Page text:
Griffin: Well, the Moon is interesting in itself. And the United States bypasses the Moon at its peril, because other nations—as they develop space capability—will not bypass it. So, the Moon is interesting in and of itself. Secondarily, the experience of learning to live and work off-planet will be valuable… it may not be essential, it may be possible to go to Mars without learning how to utilize the Moon. But, as I say, it is not advisable. So, the experience of learning how to live on another planet only three days from home, I think, is enormously valuable, before we set out on a voyage where our astronauts will be seven or eight months from home.

I read this answer in stunned amazement. The former Administrator of the agency charged with executing the VSE omitted the principal reason for going to the Moon: to use its resources to create new space faring capability. The interviewer seemed more informed about the reason for a lunar return than the former Administrator; he even teed up the answer within his question!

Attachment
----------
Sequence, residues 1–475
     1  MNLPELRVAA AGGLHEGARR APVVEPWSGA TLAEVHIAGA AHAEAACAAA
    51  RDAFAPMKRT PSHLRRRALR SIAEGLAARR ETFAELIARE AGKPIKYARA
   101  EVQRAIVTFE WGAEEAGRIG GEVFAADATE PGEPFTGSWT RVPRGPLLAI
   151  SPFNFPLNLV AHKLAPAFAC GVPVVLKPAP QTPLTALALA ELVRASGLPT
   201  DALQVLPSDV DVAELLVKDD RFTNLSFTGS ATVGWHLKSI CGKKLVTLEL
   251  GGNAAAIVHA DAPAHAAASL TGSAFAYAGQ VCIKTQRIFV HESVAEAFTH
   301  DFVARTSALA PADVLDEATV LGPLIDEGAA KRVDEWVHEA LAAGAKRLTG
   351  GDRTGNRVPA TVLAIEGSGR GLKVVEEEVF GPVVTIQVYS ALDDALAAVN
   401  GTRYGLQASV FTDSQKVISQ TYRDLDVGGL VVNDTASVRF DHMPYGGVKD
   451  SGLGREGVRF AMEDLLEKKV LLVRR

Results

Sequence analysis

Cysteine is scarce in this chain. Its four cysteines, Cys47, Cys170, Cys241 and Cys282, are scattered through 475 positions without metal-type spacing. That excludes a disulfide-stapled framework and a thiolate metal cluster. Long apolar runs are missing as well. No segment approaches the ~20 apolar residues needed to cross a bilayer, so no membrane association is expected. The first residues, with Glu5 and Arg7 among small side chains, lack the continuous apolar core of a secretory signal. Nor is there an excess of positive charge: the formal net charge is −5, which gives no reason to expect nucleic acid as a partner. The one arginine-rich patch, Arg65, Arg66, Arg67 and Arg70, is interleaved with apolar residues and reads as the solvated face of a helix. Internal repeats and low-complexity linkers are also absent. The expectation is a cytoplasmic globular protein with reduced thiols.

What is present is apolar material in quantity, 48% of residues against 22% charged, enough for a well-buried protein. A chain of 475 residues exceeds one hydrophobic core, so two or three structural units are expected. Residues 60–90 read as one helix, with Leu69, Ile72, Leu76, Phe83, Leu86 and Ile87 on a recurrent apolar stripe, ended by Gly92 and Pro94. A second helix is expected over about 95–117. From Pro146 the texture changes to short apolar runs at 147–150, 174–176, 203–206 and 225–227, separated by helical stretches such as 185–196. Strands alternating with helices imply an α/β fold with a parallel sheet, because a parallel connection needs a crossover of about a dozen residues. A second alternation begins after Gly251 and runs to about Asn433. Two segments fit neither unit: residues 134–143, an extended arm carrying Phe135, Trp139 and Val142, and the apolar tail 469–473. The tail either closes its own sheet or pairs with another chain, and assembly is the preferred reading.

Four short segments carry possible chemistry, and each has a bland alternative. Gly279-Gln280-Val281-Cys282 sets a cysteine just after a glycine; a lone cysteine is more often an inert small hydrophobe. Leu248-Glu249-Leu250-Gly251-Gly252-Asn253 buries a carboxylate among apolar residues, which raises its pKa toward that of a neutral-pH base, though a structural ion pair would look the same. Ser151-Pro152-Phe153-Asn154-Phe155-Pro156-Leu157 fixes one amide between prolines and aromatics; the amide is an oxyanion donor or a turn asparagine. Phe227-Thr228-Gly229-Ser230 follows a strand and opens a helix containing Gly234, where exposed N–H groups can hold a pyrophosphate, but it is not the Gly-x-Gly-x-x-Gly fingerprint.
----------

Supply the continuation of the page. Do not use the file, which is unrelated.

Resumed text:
This lack of understanding of the mission didn’t just emanate from the top. A recent quote from Jeff Volosin:

“We really never had a compelling reason to send humans back to the Moon …. More than that, we really, really don’t have a compelling reason to set up a permanent presence on the lunar surface – we really don’t.”

Really Jeff?

Jeff Volosin worked at NASA in the Exploration Systems Mission Directorate. He was in charge of collating and synthesizing the results of the agency’s efforts to articulate the reasons we were returning to the Moon (the one with six themes with 181 different specific objectives).

Lest you think that such was then and now is different, the current NASA Administrator, Charles Bolden, was recently asked what he thought about China going to the Moon. His response: